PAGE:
Played a game on Wednesday against a Daemon player I routinely face. He’s been trying to deal with Marines using null zone to learn to overcome it and he did just that. He went into the game very aggressively. We had spearhead deployment and he had first turn. I set up my parking lot of vehicles and he dropped most everything in my face. The aggressive deployment is not typical of this player. Usually he goes more mid-field which gives me a few turns to soften things up before I send in my assault units. Putting it all in my face was a smart move on his part, especially with spearhead deployment as it left me little room to disengage.
Disengaging, my first and most compelling mistake in this game. I was faced with two options, fire everything and charge or evacuate the area and try to gain better positioning and buy time. I chose the former and it was just stupid. I won’t bother putting up my list but it does feature assault capabilities. I know damn well that my Vanilla Marine assault units are better served in the particular list I played as a counter-measure or a clean-up crew, not as a front-line charge leading element, at least against real assault armies. Despite knowing this I had succumb to tunnel vision and threw everything I could at the Daemons with shooting and assaulting but it came up short, very short. Had I been thinking clearly I would have backed off the compromised position and engaged his weaker units behind me, I was pretty well surrounded. In clearing those out I’d have gained more room to maneuver and evade.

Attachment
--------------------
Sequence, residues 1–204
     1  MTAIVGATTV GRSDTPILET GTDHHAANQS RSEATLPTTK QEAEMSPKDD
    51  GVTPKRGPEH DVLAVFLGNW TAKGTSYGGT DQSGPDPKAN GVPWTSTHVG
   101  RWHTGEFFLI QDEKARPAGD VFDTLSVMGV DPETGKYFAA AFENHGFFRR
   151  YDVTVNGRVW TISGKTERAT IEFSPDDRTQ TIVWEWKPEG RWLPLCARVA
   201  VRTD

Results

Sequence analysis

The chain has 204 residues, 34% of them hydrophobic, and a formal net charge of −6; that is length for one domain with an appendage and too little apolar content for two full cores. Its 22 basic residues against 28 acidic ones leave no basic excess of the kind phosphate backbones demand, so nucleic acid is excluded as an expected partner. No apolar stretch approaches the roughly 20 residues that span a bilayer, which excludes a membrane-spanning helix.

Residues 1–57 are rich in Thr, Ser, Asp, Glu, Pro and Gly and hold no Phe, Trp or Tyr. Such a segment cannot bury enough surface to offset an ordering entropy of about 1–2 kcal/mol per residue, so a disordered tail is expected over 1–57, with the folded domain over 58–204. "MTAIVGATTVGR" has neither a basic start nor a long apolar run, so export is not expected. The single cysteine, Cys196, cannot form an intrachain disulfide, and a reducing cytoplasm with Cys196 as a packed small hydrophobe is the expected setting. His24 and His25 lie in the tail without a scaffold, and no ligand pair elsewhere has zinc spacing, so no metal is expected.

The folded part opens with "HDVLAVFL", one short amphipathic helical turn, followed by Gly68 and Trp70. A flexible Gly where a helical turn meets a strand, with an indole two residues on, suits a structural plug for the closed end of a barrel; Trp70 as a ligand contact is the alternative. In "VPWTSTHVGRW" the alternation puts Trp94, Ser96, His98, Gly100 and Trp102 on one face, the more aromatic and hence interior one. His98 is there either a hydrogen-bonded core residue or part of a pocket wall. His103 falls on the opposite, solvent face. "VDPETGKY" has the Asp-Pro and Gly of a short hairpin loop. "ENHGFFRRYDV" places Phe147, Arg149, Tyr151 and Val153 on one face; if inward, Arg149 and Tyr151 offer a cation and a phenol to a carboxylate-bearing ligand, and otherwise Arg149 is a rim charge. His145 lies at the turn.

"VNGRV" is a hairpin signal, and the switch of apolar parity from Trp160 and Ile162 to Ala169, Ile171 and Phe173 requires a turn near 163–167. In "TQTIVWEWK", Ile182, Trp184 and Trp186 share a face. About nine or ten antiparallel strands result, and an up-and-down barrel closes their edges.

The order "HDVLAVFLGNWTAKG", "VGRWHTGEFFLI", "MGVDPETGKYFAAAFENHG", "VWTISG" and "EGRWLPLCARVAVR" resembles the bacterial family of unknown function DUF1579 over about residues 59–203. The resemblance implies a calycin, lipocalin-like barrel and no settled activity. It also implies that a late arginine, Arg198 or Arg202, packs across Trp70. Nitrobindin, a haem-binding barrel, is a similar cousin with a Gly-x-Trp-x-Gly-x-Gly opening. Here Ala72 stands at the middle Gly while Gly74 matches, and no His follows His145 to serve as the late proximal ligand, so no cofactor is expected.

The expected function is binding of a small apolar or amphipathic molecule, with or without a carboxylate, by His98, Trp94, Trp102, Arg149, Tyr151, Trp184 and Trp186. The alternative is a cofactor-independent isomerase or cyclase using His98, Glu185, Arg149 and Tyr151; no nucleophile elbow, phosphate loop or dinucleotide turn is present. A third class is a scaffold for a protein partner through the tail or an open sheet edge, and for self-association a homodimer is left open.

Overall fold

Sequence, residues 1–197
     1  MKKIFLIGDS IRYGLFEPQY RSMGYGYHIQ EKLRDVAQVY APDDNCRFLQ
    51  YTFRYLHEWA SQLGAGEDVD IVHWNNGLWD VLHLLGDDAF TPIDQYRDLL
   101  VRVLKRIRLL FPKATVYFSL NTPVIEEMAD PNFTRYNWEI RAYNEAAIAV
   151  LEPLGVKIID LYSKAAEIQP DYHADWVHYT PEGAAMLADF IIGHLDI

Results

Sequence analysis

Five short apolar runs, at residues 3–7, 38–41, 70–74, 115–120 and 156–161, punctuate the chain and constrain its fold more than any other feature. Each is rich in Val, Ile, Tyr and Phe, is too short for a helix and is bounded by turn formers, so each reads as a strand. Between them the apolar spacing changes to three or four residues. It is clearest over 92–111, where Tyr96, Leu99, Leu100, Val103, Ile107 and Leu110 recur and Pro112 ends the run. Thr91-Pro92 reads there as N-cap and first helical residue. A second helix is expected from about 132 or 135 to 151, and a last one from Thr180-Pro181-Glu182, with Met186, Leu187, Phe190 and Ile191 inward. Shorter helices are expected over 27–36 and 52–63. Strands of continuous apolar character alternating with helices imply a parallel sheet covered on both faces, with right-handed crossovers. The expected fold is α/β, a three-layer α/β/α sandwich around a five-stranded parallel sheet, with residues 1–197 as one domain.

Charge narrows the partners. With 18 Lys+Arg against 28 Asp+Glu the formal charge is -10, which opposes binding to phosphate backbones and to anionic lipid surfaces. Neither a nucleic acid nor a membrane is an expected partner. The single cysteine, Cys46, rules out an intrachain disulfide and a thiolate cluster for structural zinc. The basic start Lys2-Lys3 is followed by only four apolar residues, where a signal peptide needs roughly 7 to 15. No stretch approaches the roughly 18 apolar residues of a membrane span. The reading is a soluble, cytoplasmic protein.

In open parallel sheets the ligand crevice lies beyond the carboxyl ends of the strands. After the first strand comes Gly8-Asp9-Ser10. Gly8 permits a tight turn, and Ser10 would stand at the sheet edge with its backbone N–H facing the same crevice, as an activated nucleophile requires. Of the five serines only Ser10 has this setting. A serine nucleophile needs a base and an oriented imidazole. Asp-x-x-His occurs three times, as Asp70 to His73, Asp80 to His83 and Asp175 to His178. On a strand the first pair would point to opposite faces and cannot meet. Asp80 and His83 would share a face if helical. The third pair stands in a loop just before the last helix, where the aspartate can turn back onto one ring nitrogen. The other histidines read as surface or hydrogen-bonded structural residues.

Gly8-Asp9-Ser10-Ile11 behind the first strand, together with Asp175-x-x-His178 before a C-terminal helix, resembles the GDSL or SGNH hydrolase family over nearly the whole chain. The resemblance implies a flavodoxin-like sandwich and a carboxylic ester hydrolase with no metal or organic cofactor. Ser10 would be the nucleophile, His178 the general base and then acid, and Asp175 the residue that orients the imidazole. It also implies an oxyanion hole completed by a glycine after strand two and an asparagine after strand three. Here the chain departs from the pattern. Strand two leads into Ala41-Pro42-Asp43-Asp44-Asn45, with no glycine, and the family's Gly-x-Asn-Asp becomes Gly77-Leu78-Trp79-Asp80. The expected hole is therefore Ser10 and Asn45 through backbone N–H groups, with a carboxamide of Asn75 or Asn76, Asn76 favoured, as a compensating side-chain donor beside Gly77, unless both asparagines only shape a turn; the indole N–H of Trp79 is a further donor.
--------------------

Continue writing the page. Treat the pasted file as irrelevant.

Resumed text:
By the top of turn #2 I had lost the game already. Neither of us had a good first turn but his second turn was amazing and most everything went his way. Trying to recover from a bad tactical choice on the first turn and heavy casualties from the second was just too much. By turn #3 we called the game. For the record normally I’m all for playing out a game in its entirety but it was really a fruitless effort and it was late already from us working on terrain earlier in the evening.
The lesson is simple, and like most lessons I learn it’s more reinforcement of what I already know but occasionally need to have crammed down my throat to remember. Know what your list is capable of and play it as it was intended to be played.